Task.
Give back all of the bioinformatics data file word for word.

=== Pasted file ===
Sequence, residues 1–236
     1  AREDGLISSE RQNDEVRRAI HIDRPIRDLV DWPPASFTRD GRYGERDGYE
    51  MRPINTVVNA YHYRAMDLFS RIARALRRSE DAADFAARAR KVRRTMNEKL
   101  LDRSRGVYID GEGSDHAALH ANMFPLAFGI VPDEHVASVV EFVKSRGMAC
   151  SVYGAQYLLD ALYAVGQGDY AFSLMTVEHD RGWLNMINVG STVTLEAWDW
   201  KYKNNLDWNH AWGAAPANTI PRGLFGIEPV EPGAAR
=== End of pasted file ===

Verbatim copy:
Sequence, residues 1–236
     1  AREDGLISSE RQNDEVRRAI HIDRPIRDLV DWPPASFTRD GRYGERDGYE
    51  MRPINTVVNA YHYRAMDLFS RIARALRRSE DAADFAARAR KVRRTMNEKL
   101  LDRSRGVYID GEGSDHAALH ANMFPLAFGI VPDEHVASVV EFVKSRGMAC
   151  SVYGAQYLLD ALYAVGQGDY AFSLMTVEHD RGWLNMINVG STVTLEAWDW
   201  KYKNNLDWNH AWGAAPANTI PRGLFGIEPV EPGAAR